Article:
Grimble, M.J. (2004) Integral minimum variance control and benchmarking. Journal of Process Control, 14 (2). pp. 177-191. ISSN 0959-1524Full text not available in this repository. (Request a copy from the Strathclyde author)
A minimum-variance control problem is defined that involves the minimisation of the integral of estimation error. This introduces integral action into the controller. It is believed that the resulting solution is more valuable for closed-loop performance assessment and benchmarking, than the usual minimum-variance results. This is because most industrial controllers need to have integral action and hence the proposed benchmark, which is based on a controller that includes an integrator, will often be more appropriate. The advantage over many other benchmarking methods lies in the simplicity of the results. The situation where the controller structure has a limited, or restricted structure, is also considered. That is, a method is presented where the controller structure may be prespecified, and the coefficients obtained by direct parameter optimisation. This provides a more direct basis for comparison with controllers implemented in existing plants, that may only include, say PID, restricted structures.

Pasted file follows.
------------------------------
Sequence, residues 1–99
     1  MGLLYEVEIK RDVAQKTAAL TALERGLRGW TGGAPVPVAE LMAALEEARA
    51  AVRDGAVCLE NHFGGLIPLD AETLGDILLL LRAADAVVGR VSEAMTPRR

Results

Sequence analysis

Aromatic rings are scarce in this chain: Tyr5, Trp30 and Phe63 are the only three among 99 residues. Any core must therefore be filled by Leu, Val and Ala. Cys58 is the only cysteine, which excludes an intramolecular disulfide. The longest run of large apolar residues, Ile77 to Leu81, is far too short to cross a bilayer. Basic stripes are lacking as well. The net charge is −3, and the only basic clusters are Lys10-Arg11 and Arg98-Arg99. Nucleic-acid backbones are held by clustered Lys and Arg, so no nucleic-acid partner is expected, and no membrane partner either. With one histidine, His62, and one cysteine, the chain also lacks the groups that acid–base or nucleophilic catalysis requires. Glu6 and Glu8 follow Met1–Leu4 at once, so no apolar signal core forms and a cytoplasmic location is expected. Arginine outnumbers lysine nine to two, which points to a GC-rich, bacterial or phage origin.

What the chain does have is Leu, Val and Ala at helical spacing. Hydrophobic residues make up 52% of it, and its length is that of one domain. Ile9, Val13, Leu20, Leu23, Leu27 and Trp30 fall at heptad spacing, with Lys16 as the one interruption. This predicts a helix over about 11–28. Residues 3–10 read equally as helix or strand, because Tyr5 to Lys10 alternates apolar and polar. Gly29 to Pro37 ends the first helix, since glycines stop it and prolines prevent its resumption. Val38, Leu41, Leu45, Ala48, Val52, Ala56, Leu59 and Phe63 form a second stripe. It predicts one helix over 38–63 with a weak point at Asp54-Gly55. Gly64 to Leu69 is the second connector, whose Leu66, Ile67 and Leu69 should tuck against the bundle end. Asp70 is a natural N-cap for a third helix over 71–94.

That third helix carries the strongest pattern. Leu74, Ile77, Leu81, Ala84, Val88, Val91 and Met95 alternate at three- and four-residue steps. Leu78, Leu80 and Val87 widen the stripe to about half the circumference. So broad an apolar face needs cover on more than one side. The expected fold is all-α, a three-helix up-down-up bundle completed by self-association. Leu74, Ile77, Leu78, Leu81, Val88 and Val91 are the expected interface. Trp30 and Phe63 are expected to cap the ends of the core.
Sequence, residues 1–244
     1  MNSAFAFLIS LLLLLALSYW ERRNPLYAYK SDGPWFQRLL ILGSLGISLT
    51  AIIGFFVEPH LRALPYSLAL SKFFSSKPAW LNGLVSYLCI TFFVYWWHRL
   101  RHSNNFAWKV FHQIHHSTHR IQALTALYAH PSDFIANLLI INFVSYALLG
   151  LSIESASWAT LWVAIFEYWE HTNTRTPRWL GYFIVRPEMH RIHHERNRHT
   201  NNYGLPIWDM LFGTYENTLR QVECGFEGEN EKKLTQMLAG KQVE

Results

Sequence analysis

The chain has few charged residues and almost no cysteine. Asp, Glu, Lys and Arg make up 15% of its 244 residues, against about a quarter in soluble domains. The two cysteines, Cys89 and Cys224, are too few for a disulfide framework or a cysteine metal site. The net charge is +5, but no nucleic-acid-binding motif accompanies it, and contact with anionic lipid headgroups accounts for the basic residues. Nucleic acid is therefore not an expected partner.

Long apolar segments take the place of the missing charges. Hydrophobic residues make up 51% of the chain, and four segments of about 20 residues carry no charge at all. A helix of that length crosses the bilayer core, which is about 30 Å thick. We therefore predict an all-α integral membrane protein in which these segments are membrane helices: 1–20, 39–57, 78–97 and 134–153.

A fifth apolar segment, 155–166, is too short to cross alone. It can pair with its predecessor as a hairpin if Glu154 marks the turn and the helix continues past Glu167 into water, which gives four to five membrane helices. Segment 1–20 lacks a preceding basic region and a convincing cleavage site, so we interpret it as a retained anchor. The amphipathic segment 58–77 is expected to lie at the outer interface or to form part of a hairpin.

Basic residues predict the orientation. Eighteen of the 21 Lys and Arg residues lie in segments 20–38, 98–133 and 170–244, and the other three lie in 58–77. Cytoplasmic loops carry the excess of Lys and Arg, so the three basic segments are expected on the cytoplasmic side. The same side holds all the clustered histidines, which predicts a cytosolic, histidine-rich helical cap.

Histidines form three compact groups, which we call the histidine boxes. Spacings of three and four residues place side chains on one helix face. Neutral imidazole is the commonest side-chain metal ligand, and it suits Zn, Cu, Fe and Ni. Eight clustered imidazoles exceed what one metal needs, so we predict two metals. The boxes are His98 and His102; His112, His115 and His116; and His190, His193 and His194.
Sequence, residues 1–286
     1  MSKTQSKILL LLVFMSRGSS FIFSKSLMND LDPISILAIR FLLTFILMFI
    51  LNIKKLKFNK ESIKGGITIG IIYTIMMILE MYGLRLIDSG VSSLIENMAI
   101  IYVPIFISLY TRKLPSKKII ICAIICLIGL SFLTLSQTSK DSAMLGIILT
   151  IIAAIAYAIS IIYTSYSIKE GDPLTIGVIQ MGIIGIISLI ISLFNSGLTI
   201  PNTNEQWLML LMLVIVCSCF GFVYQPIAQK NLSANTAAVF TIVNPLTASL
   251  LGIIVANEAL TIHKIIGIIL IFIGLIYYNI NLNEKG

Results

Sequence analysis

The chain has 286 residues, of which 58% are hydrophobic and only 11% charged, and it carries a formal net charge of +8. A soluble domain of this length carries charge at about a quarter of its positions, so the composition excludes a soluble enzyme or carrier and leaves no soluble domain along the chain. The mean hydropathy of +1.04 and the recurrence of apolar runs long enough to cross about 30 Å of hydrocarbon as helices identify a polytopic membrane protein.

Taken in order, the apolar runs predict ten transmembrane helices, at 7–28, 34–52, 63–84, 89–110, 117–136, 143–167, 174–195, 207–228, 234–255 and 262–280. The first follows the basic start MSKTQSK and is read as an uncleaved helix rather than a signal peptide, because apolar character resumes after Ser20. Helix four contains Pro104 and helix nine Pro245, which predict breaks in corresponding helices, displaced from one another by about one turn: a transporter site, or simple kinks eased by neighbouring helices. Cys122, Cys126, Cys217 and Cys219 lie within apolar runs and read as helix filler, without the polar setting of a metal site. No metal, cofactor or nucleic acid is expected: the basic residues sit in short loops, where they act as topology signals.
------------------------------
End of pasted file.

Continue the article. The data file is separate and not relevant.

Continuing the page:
|Keywords:||benchmarking, performance assessment, integral action, optimal minimum variance, Electrical engineering. Electronics Nuclear engineering, Modelling and Simulation, Industrial and Manufacturing Engineering, Control and Systems Engineering, Computer Science Applications|
|Subjects:||Technology > Electrical engineering. Electronics Nuclear engineering|
|Department:||Faculty of Engineering > Electronic and Electrical Engineering|
|Depositing user:||Strathprints Administrator|
|Date Deposited:||05 Nov 2008|
|Last modified:||06 Jan 2017 05:45|